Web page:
|US4357522 *||Dec 17, 1980||Nov 2, 1982||Bosch-Siemens Hausgerate Gmbh||Baking oven|
|US4395233 *||Jun 22, 1981||Jul 26, 1983||G. S. Blodgett Co., Inc.||Dual flow heating apparatus|
|US4418261 *||Jan 15, 1982||Nov 29, 1983||Amana Refrigeration, Inc.||Microwave oven and ventilator system|
|US4484561 *||Sep 14, 1982||Nov 27, 1984||Crescent Metal Products, Inc.||Gas convection oven|
|US4498453 *||Nov 24, 1982||Feb 12, 1985||Matsushita Electric Industrial Co., Ltd.||Cooking appliance|
|US4516012 *||Jun 22, 1983||May 7, 1985||G. S. Blodgett Co., Inc.||Dual flow heating apparatus|
|US4722683 *||Jan 13, 1987||Feb 2, 1988||Vulcan-Hart Corporation||Rethermalization oven|
|Citing Patent||Filing date||Publication date||Applicant||Title|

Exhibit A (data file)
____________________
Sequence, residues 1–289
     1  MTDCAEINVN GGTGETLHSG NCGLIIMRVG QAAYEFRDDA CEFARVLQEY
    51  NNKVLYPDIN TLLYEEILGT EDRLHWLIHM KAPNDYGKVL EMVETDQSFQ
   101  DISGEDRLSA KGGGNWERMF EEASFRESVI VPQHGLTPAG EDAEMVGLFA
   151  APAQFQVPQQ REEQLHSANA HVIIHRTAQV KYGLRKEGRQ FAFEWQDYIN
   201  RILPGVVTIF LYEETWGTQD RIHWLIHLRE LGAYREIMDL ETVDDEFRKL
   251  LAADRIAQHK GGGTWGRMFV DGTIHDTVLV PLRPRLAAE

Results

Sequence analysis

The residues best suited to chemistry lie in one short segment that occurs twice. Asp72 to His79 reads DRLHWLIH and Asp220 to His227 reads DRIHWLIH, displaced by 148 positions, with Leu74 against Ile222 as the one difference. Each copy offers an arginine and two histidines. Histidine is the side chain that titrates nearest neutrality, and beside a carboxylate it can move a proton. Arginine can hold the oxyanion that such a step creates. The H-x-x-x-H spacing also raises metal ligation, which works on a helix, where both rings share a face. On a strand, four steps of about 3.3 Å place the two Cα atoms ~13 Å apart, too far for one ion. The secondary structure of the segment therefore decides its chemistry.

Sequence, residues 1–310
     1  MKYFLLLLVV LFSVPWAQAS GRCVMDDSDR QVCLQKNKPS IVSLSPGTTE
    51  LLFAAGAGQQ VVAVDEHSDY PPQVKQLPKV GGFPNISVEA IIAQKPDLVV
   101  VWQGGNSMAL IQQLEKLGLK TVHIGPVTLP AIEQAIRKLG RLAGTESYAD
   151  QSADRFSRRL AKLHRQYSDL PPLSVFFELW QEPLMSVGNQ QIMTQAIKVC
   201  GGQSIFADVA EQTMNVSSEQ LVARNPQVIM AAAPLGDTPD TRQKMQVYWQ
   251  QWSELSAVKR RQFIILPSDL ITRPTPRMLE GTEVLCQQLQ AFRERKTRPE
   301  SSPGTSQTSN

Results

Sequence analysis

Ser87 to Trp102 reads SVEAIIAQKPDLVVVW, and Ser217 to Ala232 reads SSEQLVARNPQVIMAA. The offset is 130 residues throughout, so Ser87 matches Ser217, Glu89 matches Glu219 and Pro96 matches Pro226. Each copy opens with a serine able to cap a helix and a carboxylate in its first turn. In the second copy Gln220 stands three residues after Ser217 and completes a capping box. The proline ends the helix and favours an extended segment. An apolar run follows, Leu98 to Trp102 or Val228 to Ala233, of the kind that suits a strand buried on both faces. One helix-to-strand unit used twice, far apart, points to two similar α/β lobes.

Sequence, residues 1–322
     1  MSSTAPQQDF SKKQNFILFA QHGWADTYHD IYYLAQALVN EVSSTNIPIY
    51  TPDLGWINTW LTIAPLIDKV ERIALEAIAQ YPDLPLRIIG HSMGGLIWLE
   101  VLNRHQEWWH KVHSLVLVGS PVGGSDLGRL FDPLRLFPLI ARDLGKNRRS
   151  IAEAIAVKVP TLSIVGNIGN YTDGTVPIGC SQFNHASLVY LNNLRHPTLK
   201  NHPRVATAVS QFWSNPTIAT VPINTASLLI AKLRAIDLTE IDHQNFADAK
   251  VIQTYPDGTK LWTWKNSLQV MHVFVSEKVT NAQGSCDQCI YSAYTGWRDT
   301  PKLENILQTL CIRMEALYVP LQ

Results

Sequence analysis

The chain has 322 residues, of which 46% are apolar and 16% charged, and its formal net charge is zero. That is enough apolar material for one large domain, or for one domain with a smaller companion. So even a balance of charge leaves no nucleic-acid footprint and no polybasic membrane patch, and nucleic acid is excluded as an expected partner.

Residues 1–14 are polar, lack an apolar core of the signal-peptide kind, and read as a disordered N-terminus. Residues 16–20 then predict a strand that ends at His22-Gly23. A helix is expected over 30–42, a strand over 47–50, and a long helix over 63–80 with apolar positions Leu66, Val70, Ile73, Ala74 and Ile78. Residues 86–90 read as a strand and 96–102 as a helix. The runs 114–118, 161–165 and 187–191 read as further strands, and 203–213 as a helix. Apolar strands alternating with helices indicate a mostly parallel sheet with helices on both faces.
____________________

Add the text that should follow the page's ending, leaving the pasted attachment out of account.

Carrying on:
|US5497760 *||Oct 17, 1994||Mar 12, 1996||G. S. Blodgett Corporation||Convection oven with power induced back draft flow|
|US5533444 *||Feb 7, 1995||Jul 9, 1996||Food And Agrosystems, Inc.||High air velocity convection oven|
|US5601070 *||Jun 17, 1996||Feb 11, 1997||Middleby Marshall, Inc.||Convection oven|
|US6038964 *||May 22, 1998||Mar 21, 2000||Sikes; Jimmy A.||Convection based cooking apparatus with improved air-flow|
|US6131559 *||May 21, 1999||Oct 17, 2000||Patentsmith Technology, Ltd.||Convection oven with smoke management means|
|US6143341 *||Jun 10, 1999||Nov 7, 2000||Sikes; Jimmy A.||Convection based cooking method with flow of combined heated air and steam|
|US6802693 *||Apr 25, 2002||Oct 12, 2004||Vortex Holding Company||Vortex attractor with vanes attached to containing ring and backplate|
|US6813995||Oct 2, 2000||Nov 9, 2004||Sikes Jimmy A||Convection based cooking apparatus with improved draft chimney|
|US6933472 *||Nov 14, 2003||Aug 23, 2005||Blodgett Holdings, Inc.||Electric convection oven|